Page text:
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I am a specialist family lawyer based in Irwin Mitchell's Bristol office. I work with clients who are experiencing relationship breakdown and help them to deal with the legal consequences.
My work involves helping clients in a range of circumstances, with issues such as divorce, financial matters following divorce, disputes between people who are living together but are not married and arrangements for children. I also advise on pre-nuptial and living together agreements.
I work with my clients to achieve the best outcome for them; this might involve supporting them in the negotiation of an agreement or representing them in court proceedings to reach a resolution.
In addition, I am the professional support lawyer for the Irwin Mitchell's Family Law and Contentious Trust and Probate teams nationwide. This role means that I look after the information and training needs of our lawyers. It is my job to ensure they are up to speed with the latest developments and have access to training, materials and systems that allow for our clients to receive the very best advice and most efficient service.
I qualified and practised as a specialist family lawyer at Charles Russell in London, dealing with complex high net worth and international cases in relation to both financial and children matters. I moved to Bristol in 2010 and spent four years at Jordan Publishing where I developed skills in the provision of legal information, product development and training. I joined Irwin Mitchell in January 2014.
Hayley "gives the firm a real edge" - Legal 500 2016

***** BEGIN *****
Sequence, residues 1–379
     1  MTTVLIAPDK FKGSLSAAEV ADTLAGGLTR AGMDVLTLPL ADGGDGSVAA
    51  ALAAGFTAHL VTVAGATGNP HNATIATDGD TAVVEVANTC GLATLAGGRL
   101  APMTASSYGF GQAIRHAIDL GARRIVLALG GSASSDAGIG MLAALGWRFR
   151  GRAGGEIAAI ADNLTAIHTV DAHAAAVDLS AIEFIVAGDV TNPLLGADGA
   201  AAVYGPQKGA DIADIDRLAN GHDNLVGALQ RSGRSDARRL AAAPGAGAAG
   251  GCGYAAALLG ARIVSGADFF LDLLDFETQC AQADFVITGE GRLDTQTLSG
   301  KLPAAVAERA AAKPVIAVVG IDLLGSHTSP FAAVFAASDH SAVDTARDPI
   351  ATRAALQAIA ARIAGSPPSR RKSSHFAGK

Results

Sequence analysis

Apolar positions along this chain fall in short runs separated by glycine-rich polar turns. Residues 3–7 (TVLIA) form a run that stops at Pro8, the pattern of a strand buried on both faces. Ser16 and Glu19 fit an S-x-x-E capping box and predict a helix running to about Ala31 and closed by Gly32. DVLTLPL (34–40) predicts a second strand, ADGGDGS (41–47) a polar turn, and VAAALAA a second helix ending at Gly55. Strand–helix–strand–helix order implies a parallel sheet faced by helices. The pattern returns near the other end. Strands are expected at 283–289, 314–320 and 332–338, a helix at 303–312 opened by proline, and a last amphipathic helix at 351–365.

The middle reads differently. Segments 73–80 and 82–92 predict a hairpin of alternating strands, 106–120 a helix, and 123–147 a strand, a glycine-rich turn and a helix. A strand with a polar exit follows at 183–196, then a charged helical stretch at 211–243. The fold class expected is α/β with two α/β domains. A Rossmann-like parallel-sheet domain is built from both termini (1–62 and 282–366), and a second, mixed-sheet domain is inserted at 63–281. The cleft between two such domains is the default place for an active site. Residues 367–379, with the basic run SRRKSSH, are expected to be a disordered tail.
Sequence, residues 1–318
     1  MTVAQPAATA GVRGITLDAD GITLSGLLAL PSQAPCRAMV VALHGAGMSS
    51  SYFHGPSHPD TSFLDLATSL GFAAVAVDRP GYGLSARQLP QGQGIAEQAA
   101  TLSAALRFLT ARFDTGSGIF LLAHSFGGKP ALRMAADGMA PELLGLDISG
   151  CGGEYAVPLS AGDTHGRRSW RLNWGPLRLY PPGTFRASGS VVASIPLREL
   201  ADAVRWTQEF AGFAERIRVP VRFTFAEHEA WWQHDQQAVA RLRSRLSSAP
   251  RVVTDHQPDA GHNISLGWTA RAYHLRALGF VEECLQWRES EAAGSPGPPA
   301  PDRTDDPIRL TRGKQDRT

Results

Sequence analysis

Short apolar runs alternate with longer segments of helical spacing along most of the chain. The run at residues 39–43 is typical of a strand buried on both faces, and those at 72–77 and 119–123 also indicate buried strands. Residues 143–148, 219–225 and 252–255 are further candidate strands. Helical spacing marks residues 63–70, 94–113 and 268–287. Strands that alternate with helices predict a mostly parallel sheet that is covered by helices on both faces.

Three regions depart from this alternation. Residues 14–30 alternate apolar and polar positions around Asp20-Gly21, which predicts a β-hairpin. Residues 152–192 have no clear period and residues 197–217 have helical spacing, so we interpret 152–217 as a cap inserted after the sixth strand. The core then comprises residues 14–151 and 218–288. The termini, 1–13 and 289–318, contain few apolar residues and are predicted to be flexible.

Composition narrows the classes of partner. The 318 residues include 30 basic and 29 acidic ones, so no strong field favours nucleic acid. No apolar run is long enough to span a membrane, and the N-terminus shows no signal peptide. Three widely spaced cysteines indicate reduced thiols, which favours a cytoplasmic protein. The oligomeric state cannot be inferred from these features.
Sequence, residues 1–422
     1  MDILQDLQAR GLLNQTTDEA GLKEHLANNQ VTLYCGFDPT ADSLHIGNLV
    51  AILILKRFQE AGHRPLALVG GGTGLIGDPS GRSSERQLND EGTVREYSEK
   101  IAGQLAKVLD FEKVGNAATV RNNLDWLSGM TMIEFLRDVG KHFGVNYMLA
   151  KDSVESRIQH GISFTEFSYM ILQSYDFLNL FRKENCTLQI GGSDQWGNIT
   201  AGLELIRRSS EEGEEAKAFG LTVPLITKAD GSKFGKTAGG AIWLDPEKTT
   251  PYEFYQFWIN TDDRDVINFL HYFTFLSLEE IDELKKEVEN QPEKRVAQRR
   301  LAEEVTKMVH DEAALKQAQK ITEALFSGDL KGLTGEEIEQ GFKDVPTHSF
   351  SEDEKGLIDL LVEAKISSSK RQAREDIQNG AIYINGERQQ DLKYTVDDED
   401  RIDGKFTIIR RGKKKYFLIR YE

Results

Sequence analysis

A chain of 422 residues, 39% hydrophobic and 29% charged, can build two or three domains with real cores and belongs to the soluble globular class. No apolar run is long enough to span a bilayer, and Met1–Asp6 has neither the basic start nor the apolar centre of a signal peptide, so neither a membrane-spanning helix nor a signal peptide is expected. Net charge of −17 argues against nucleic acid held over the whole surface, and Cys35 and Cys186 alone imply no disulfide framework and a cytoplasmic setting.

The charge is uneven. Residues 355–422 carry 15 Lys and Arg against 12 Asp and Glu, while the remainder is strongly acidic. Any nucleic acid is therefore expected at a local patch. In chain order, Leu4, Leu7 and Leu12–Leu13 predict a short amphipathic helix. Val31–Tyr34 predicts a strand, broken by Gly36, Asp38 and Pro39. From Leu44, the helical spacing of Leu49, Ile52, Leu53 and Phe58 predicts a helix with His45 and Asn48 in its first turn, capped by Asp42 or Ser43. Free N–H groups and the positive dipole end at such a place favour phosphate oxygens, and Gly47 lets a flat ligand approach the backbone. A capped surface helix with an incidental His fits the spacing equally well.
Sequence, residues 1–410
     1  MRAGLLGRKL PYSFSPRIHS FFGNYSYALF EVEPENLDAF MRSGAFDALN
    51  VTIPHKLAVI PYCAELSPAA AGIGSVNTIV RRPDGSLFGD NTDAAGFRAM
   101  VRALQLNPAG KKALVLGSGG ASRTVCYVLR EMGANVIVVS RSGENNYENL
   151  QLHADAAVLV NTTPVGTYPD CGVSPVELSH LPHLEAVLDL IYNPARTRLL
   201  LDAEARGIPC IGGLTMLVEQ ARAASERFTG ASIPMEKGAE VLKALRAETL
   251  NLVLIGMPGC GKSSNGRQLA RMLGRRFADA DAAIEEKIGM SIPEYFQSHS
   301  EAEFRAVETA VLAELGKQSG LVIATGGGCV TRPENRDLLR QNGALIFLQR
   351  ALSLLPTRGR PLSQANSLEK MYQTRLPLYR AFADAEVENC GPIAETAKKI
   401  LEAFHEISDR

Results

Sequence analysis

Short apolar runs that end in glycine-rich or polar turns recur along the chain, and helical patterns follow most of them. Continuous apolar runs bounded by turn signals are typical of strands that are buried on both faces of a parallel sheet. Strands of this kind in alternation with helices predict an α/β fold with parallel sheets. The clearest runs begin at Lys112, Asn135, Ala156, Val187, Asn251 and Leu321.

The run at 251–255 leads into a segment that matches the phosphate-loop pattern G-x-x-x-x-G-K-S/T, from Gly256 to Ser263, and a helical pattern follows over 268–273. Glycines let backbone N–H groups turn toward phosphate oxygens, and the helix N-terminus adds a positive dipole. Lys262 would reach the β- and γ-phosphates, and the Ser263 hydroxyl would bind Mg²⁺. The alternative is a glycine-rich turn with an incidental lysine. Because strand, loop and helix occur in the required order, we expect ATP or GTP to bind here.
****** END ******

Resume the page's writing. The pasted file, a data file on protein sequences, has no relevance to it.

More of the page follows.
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We welcome and support the inclusion of these new requirements that will ensure expert witnesses meet exacting professional standards. It is another important step to ensure expert evidence is only admitted where it is necessary for the fair conclusion of the issue.
“It is essential expert evidence is of the highest standard and that the court can rely upon an expert to have the right experience and that they can translate their particular expertise into the appropriate cultural and social context of the case.
“However, the new standards need to be implemented carefully, as the number of experts willing to undertake work in the Family Court is declining and it is often not possible to get an expert from the desired pool to complete an assessment or report within the stringent court timetables.
“Therefore, it is important the measures are balanced, preventing the use of certain experts, but enabling new experts to enter the arena to provide evidence in areas they are well-versed in.”
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